My favorite legacy bricks-and-mortar reinvention of recent memory is still BBBY’s Brooklyn store, a store that is almost a mini-mall of BBBY’s numerous storefronts. It still needs a few improvements — universal POS, better social experiences — but it has promise. BBBY has so many assets, like better brands, various storefronts, and lifestage attachments with consumers that they can still leverage over their competition.

Time will tell if this announcement is pain before the gain, or if it is a strong sign that my long on BBBY retail prediction for 2018 was way off base.

Fortunately, I still have my predictions on Walmart, Wayfair, and Blue Apron to fall back on. Holla!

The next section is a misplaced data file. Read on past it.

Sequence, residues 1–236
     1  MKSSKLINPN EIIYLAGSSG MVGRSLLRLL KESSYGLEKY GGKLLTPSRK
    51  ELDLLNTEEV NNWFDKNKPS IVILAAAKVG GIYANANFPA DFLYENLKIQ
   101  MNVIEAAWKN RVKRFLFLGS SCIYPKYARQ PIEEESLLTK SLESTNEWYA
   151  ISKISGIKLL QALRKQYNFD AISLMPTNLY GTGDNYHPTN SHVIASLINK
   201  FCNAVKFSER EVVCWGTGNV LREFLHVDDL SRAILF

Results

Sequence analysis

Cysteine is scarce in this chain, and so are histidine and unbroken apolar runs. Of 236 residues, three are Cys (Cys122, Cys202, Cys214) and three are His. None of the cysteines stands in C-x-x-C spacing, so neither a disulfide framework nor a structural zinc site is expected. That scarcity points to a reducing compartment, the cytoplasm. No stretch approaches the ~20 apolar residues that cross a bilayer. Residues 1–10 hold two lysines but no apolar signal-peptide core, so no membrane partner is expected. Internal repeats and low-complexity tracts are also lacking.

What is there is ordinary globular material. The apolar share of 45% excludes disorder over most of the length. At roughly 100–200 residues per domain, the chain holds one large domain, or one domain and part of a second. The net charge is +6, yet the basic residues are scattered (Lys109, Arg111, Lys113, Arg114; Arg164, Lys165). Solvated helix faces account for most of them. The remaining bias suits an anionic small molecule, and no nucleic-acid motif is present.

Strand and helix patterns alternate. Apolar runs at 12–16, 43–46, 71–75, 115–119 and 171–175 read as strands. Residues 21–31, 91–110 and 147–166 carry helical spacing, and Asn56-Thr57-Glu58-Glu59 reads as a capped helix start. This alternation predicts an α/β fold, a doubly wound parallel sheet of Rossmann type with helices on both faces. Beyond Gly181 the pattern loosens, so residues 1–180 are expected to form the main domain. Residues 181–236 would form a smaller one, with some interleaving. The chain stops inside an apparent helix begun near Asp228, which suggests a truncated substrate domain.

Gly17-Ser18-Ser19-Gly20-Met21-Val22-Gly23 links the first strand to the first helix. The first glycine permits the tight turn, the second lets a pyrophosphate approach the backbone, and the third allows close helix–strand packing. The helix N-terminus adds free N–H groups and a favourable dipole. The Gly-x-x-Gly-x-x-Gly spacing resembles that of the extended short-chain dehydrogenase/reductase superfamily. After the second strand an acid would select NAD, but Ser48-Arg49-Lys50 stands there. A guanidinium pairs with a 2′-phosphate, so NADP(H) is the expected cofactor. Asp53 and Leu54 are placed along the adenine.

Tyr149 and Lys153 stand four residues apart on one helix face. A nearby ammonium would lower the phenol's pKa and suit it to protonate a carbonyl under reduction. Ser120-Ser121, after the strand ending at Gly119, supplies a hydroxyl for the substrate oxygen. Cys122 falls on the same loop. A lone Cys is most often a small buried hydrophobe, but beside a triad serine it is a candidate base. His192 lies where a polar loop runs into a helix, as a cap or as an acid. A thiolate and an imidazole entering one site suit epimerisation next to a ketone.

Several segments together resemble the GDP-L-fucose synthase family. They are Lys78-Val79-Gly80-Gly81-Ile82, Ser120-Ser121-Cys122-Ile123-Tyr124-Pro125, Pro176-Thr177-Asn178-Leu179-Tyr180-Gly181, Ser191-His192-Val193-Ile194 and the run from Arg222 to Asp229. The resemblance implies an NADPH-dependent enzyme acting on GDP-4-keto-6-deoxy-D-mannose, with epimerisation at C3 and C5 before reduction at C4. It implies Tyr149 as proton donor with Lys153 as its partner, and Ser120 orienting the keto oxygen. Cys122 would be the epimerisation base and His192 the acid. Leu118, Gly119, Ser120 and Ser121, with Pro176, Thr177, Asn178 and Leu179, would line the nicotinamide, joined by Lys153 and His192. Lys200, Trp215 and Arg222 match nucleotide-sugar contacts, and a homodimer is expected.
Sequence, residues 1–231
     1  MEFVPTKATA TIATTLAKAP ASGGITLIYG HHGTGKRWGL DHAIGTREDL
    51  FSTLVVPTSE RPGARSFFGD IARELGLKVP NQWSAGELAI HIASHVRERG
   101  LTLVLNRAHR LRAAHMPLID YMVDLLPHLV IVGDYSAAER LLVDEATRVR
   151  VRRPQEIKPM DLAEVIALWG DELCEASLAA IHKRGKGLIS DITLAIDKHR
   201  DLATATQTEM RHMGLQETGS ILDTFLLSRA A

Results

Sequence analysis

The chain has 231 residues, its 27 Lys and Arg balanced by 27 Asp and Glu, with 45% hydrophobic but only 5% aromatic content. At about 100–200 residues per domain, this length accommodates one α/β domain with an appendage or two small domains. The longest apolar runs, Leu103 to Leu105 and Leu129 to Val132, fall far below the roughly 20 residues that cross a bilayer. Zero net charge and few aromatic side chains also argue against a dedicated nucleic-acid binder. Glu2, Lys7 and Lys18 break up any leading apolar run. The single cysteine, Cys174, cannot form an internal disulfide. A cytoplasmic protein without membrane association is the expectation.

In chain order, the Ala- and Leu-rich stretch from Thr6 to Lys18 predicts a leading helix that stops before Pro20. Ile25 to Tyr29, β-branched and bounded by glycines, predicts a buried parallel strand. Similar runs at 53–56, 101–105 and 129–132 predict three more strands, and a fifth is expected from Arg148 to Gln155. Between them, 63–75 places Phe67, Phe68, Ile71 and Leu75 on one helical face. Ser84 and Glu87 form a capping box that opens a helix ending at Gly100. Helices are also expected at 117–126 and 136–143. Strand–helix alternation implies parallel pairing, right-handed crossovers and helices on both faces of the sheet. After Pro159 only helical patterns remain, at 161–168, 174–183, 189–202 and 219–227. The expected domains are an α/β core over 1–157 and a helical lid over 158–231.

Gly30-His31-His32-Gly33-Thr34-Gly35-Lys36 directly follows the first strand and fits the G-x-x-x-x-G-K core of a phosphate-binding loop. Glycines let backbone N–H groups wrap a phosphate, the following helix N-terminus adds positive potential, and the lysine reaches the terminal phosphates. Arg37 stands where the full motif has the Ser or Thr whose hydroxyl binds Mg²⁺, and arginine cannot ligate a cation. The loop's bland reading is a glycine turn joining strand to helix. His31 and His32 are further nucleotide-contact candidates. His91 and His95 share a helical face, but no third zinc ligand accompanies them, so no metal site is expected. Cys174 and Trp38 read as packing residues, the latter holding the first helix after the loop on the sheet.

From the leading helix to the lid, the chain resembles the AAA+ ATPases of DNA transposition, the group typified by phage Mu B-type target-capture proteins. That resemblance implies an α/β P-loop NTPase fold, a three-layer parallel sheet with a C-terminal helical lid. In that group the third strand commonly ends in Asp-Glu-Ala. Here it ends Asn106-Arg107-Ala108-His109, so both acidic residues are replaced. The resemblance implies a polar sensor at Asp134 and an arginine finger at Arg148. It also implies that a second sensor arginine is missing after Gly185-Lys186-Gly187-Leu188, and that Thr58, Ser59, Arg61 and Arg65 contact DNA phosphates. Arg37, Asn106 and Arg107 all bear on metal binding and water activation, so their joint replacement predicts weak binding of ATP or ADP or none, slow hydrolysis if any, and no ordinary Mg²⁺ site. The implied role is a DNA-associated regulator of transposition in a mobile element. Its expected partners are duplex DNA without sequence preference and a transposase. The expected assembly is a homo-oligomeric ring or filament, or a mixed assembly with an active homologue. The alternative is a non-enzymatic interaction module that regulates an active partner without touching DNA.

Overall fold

Headline #2 — Costco’s stock rallies after upbeat monthly sales data (MarketWatch)

Costco went the other way from BBBY. Costco crushed it last month, reporting that overall same-store sales increased 8.6% and proving that, once and again, Costco is one hell of a business.

Costco’s business model is still pretty strong. Competitors liked Boxed are nipping at their heels, trying to disrupt them, but even Boxed is trying to get acquired. For the most part, it is still quite difficult to recreate or disrupt what Costco does so well online.

Costco should still have good runway for years to come.

Headline #3 — Walmart Inks Deal With Postmates (Investopedia) and Instacart valued at $4.35 billion after latest funding round (Reuters)